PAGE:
The pedestrian density map for Lytham also shows that the highest pedestrian density is in the centre and the further away from the centre the lower the density should be. This is shown on graph L3. It shows that pedestrian count against distance from the centre has medium negative correlation. Also the highest pedestrian density for Blackpool is higher than that of for Lytham which I stated in my hypothesis as Blackpool is higher up the hierarchy than Lytham. This is linked to the shopping and environmental quality index value, as when the pedestrian density value increases the shopping and environmental quality value should also increase.

Environmental and Shopping Quality Maps

The shopping and environmental quality map for Blackpool is as I predicted with the exception of the area surrounding Talbot Road and Springfield Road. As I predicted, the values for both the shopping and the environmental quality increase as they get nearer the centre. This is shown on graph B2. It has a medium negative correlation. In most cases the environmental quality values and the shopping quality are within 10 or 12 of each other, which shows direct correlation with the exception of Talbot Road where the shopping quality value is 30 points more. The shopping and environmental quality map of Lytham also shows an increase as it gets closer to the centre with the exception of outside the library where the shopping quality value is 36 but the environmental quality is 60 which follows the trend.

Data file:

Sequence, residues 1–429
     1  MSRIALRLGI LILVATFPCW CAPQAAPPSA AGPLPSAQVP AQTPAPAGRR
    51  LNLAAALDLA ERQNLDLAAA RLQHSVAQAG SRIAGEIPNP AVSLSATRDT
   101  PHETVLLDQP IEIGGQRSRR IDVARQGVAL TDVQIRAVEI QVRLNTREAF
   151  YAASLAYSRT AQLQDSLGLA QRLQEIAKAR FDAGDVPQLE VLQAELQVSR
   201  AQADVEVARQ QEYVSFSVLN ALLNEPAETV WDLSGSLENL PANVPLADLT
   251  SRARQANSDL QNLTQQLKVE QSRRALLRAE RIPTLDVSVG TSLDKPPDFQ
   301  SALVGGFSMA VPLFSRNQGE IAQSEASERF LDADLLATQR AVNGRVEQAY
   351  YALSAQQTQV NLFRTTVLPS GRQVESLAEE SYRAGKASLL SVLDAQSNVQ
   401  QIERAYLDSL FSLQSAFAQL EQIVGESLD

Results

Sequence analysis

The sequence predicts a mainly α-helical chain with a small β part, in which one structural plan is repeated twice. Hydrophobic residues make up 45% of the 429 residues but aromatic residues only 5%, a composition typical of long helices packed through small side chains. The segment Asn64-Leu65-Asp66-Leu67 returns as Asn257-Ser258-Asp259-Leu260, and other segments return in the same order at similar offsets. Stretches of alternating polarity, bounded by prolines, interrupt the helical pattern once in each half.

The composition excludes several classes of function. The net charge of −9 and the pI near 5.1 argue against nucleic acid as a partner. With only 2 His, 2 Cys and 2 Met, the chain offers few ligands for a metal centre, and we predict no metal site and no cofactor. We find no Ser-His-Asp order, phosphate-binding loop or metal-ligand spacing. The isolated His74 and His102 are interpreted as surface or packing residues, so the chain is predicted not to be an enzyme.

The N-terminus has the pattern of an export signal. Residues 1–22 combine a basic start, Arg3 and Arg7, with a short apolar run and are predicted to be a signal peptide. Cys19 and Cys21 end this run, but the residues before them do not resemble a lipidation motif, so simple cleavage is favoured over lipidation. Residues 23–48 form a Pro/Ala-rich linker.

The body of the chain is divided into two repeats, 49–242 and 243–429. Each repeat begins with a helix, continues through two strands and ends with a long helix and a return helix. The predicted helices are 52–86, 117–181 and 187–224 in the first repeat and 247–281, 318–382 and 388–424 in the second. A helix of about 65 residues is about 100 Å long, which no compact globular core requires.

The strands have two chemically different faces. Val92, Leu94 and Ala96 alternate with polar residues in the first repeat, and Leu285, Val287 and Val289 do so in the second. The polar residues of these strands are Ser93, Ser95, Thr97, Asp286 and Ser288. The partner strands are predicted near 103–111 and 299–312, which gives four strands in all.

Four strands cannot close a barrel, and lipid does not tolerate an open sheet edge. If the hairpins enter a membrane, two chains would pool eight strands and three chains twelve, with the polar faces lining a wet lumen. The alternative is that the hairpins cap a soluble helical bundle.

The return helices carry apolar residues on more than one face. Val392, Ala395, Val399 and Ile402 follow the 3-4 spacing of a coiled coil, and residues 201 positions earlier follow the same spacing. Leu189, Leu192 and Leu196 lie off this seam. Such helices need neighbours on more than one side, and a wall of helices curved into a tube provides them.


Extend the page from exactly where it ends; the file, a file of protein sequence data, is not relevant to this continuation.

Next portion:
This is shown on graph L2. It shows weak to medium negative correlation, which means as the distance from the centre increases the environmental and shopping quality value decreases in most cases. In every case, except the outside the library the values are within 12 points of each other, which is the same as the values for Blackpool. The highest value for the shopping and environmental quality is in Blackpool, which I predicted in my hypothesis, as Blackpool is higher on the hierarchy.